Pseudobulbar affect (PBA) causes episodes of uncontrollable laughter, crying, or other displays of emotion. These emotions are exaggerated for the situation — like sobbing during a mildly sad movie. Or, they can happen at inappropriate times, such as laughing at a funeral. The outbursts can be embarrassing enough to disrupt your work and social life.

PBA can affect people with brain injuries, as well as people living with neurological disorders like Alzheimer’s disease or multiple sclerosis. Its symptoms can also overlap with depression. Sometimes PBA and depression are hard to tell apart.

The main symptom of PBA is episodes of intense laughter or crying. These outbursts may not have anything to do with your mood or the situation you’re in.

Each episode lasts a few minutes or so. It’s hard to stop the laughter or tears, no matter how hard you try.

Crying from PBA can look like depression and is often misdiagnosed as a mood disorder. Also, people with PBA are more likely to be depressed than those without it. Both conditions can cause extreme bouts of crying. But although you can have PBA and depression at the same time, they aren’t the same.

One way to tell whether you have PBA or if you’re depressed is to consider how long your symptoms last. PBA episodes last for just a few minutes. Depression can go on for weeks or months. With depression, you’ll also have other symptoms, like trouble sleeping or appetite loss.

Your neurologist or psychologist can help diagnose you and figure out which condition you have.

Damage to the brain from an injury or a disease like Alzheimer’s or Parkinson’s causes PBA.

A part of your brain called the cerebellum normally acts as an emotional gatekeeper. It helps keep your emotions in check based on input from other parts of your brain.

Damage to the brain prevents the cerebellum from getting the signals it needs. As a result, your emotional responses become exaggerated or inappropriate.

A brain injury or neurological disease can make you more likely to get PBA. Risks include:

  • traumatic brain injury
  • stroke
  • brain tumors
  • Alzheimer’s disease
  • Parkinson’s disease
  • amyotrophic lateral sclerosis (ALS)
  • multiple sclerosis (MS)

There’s no cure for PBA, but that doesn’t mean you have to live with uncontrolled crying or laughter for the rest of your life. Sometimes the symptoms will improve or go away once you treat the condition that caused your PBA.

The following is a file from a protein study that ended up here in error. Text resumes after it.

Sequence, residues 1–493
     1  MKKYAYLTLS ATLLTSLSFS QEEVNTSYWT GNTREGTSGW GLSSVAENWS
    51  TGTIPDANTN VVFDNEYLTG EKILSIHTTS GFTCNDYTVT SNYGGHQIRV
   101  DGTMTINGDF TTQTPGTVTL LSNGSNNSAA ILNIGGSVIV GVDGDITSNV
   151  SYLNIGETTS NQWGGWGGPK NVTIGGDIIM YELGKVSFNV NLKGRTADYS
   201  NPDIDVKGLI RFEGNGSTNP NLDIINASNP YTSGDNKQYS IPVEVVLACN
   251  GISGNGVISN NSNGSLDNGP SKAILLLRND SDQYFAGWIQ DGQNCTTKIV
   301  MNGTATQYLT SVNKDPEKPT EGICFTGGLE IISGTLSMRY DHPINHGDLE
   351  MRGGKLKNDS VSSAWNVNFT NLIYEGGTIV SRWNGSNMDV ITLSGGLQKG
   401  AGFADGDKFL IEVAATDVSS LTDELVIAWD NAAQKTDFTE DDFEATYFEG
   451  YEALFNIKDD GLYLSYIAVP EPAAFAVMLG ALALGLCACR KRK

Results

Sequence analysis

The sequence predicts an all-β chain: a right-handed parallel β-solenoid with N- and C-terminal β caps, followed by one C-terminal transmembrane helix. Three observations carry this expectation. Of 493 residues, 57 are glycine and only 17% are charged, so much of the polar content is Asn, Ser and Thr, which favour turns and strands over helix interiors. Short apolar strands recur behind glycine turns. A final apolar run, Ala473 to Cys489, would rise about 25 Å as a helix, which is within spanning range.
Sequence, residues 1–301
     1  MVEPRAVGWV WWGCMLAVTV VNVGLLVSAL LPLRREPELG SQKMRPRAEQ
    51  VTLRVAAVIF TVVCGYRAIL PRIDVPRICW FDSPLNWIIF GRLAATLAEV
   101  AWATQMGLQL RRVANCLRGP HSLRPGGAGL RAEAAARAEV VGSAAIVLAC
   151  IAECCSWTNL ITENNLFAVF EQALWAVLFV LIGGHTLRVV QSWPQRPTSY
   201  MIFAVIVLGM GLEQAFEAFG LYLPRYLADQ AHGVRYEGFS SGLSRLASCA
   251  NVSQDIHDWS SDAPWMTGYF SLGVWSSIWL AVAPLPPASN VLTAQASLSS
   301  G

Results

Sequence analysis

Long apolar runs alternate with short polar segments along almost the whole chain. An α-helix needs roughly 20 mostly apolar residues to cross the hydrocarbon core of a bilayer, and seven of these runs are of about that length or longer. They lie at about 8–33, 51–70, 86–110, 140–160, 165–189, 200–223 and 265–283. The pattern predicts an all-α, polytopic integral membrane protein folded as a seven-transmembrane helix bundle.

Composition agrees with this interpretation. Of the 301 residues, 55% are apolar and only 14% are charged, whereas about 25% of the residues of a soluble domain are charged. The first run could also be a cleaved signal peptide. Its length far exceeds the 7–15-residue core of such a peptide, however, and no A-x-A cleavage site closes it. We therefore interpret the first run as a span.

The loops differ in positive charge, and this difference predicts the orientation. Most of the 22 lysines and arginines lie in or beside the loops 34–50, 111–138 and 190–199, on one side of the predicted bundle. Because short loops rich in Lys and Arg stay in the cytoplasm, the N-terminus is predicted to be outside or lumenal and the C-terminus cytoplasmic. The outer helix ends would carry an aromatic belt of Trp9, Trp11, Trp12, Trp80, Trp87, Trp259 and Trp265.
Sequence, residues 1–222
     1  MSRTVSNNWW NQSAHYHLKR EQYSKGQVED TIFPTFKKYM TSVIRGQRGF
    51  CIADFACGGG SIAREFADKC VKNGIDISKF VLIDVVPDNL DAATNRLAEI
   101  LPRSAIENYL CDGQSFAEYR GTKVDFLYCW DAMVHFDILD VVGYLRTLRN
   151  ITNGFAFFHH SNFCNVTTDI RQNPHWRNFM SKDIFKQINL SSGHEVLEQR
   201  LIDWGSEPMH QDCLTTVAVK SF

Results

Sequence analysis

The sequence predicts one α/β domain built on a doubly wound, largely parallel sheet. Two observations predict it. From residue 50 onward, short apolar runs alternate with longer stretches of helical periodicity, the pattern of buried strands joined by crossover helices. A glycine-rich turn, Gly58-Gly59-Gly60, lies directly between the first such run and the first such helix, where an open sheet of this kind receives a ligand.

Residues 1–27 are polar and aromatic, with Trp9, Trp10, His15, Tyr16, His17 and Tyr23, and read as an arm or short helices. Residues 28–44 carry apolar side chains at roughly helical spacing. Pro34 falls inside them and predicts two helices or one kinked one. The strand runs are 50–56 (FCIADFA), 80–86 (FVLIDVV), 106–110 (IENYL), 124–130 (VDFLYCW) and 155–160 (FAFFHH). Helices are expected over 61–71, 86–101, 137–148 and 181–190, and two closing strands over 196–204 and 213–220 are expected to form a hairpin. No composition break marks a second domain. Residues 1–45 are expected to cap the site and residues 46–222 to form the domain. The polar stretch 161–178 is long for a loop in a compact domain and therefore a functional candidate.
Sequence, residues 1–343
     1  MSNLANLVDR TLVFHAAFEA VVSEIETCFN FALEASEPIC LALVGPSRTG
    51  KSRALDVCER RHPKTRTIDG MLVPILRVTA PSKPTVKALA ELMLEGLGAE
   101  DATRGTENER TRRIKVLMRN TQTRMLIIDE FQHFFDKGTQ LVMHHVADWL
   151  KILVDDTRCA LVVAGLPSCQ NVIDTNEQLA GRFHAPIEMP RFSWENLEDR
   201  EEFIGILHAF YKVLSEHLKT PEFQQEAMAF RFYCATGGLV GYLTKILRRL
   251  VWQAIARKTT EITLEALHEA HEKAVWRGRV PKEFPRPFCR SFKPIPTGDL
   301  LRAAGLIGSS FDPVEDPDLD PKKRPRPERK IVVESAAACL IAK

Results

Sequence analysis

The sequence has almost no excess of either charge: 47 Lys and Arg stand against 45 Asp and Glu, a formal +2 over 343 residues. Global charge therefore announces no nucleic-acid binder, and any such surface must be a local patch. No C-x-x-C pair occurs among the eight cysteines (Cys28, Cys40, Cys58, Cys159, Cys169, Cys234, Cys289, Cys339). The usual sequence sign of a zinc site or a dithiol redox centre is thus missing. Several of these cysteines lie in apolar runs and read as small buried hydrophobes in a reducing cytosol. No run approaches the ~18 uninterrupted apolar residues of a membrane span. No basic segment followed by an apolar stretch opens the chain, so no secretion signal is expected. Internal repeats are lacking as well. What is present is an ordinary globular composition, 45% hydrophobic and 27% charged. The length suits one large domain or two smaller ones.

Medications can reduce the number of PBA episodes you have, or make them less intense.

Today, you have the option of taking dextromethorphan hydrobromide and quinidine sulfate (Nuedexta). In the past, your best option was to take one of these antidepressants:

  • tricyclics
  • selective serotonin reuptake inhibitors (SSRIs) like fluoxetine (Prozac) or paroxetine (Paxil)

Nuedexta may work faster than antidepressants and have fewer side effects.

Nuedexta is the only drug approved by the Food and Drug Administration (FDA) to treat PBA. Antidepressants aren’t FDA-approved to treat PBA. When antidepressants are used for this condition, then that’s considered off-label drug usage.

PBA episodes can be very upsetting and embarrassing. Yet, there are several things you can do to help yourself feel better when you have one:

Try distraction. Count the books on your shelf or the number of apps on your phone. Think of a calming beach scene. Write down a grocery list. Anything you can do to take your mind off your laughter or tears can help them stop sooner.

Breathe. Deep breathing exercises — breathing slowly in and out while you count to five — are another effective way to calm yourself down.

Put your emotions in reverse. If you’re crying, watch a funny movie. If you’re laughing, think of something sad. Sometimes, taking on the opposite mood to what you’re feeling can put the brakes on a PBA episode.

Do something fun. Both PBA and the condition that caused it can weigh heavily on your mind. Treat yourself to something you enjoy. Go for a walk in the woods, get a massage, or have dinner with friends who understand your condition.

If the episodes don’t stop and you feel overwhelmed, get professional help. See a psychologist, psychiatrist, or counselor for advice. You can also turn to the neurologist or other doctor who treats your PBA for tips on how to cope.

PBA isn’t curable, but you can manage the condition with medications and therapy. Treatments can reduce the number of episodes you get, and make the ones you do have less intense.